* What the Court Considered:  A payment bond issued on behalf of the contractor covered any entity with a contractual relationship with the contractor or one of its subcontractors.  A sub-subcontractor hired to supply and install fences contracted with a corporate entity related to yet distinct from a subcontractor on the project.  Specifically, the subcontractor and the related entity shared an address and some of the same employees and equipment.


* What the Court Said:  Because the sub-subcontractor had no contract relationship with a subcontractor on the project, it could not recover on the payment bond.


* What the Opinion Means:  The sub-subcontractor argued that the subcontractor and the related entity should be treated as one under the alter ego theory.  This theory holds that two related entities should be treated as one where the controlling corporation ignores the separate status of the controlled corporation and so dominates and controls its affairs that its separate existence is a mere sham.  Here, the only evidence presented by the sub-subcontractor to support this argument was that the two entities shared an address and some employees and equipment.  The court deemed this evidence insufficient to justify its treating the two distinct entities as one.



5.  Enforcement of Liquidated Damages Provision, Woodburn Constr. Co. v. Encon Pacific, LLC, 2006 WL 2401242 (W.D. Wash. Aug. 18, 2006).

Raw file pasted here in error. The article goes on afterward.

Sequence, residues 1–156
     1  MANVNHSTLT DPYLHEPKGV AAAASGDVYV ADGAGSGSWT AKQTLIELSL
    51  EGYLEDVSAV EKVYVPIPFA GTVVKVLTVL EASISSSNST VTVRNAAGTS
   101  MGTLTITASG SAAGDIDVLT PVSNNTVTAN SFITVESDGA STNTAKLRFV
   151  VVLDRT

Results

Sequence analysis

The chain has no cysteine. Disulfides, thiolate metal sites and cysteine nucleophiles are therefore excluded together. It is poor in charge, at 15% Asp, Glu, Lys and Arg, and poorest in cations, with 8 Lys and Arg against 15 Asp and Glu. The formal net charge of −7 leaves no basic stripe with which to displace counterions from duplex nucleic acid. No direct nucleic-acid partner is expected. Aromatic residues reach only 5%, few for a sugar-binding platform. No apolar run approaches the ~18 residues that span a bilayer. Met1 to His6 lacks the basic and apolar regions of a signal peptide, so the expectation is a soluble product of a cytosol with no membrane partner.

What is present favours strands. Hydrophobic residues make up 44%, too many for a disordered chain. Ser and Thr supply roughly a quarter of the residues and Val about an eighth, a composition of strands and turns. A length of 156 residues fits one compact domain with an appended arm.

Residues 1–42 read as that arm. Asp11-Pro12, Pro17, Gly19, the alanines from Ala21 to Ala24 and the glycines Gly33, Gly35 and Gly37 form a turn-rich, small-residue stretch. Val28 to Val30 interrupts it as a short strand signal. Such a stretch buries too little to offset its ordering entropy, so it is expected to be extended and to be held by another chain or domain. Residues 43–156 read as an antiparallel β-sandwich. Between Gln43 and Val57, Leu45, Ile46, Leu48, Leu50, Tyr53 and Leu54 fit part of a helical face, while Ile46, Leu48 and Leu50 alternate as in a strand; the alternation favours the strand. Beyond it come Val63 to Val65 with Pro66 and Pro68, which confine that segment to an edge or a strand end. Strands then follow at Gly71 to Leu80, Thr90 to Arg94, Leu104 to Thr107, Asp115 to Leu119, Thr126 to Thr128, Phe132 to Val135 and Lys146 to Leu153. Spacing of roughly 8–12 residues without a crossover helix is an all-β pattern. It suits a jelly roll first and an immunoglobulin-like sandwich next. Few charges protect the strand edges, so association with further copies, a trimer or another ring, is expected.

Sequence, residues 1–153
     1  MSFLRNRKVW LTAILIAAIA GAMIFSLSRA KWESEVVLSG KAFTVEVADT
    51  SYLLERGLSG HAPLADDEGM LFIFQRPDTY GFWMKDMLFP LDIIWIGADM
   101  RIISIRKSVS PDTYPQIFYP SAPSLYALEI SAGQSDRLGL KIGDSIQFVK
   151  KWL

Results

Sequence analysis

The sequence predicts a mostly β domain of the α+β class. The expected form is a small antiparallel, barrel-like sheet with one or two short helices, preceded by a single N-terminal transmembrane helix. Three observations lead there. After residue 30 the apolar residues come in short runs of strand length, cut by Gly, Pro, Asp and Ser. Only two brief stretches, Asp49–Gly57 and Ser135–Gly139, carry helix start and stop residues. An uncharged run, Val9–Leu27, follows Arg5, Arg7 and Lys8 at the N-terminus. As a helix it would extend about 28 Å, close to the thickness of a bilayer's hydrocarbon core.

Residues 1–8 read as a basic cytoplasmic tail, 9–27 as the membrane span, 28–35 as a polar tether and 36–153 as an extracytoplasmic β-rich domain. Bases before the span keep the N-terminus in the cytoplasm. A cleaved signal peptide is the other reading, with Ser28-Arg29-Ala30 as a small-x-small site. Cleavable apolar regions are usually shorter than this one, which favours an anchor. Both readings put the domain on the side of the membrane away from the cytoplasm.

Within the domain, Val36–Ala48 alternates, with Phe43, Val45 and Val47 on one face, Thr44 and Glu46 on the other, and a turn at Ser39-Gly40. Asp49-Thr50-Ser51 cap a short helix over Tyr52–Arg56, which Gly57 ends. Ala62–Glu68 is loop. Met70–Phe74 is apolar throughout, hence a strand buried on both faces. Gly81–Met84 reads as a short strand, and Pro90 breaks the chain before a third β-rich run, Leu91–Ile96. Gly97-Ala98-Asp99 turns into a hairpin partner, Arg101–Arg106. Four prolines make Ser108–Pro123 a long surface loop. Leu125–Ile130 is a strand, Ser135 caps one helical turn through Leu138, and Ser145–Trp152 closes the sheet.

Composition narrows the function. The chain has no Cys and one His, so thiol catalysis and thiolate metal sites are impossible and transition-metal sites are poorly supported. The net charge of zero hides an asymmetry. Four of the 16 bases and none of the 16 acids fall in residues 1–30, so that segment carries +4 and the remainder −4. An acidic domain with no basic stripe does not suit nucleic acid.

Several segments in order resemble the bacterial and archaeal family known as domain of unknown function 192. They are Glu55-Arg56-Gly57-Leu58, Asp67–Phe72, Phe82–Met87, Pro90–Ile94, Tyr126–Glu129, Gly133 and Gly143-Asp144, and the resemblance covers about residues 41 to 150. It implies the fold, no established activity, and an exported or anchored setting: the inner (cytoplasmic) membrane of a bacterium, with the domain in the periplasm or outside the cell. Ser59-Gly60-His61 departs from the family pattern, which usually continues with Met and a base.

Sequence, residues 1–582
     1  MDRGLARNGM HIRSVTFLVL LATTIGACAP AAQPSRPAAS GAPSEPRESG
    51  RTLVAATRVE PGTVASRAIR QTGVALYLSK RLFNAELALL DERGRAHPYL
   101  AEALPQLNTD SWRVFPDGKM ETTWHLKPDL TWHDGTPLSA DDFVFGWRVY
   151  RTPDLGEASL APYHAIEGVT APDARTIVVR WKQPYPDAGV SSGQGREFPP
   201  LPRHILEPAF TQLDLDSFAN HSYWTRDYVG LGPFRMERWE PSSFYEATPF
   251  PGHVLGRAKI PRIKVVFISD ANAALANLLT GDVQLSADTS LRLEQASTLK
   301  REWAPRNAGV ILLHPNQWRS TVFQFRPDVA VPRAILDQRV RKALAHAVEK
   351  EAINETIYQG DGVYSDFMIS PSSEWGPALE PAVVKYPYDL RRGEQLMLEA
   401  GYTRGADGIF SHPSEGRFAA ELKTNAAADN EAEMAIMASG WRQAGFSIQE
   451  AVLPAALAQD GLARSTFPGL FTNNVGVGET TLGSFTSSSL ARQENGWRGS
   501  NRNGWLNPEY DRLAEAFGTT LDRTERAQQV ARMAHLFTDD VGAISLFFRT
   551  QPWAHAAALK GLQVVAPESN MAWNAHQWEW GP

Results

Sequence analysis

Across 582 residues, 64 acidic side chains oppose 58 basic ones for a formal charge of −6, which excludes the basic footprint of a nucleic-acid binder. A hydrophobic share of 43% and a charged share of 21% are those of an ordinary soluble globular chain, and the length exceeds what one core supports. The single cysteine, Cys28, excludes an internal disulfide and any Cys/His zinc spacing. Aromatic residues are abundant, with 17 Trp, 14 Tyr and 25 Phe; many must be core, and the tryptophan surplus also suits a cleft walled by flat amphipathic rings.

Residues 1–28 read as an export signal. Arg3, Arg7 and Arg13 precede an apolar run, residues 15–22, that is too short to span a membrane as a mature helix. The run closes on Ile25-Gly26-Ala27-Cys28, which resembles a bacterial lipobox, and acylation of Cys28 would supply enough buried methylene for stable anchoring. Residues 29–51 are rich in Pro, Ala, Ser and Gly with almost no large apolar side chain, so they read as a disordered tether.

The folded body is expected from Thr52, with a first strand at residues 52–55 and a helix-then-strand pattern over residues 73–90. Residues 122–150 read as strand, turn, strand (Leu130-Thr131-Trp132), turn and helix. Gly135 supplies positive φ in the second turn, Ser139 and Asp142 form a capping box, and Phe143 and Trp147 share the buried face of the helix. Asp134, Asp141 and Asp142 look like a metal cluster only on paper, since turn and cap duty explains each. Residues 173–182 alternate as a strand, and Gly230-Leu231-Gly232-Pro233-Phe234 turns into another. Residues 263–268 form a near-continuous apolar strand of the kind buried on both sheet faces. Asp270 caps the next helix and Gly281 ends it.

* What the Court Considered:  A supplier of precast concrete wall panels failed to deliver panels to the project in a timely fashion, thereby delaying the work of the erection subcontractor.  To avoid the possibility of its being charged for delays asserted by the contractor on behalf of  the erection subcontractor, the supplier agreed to take over the erection work at no extra charge.  The contractor and supplier executed an amendment to the supply contract memorializing this agreement.  The amendment also provided for liquidated damages in the event the panels were not erected by October 11, 2004.  When the contractor attempted to recover liquidated damages, the supplier argued that the amendment was unenforceable for lack of consideration.


* What the Court Said:  The contractor’s forbearance from asserting a pass-through claim from the erection subcontractor constituted consideration for the amendment.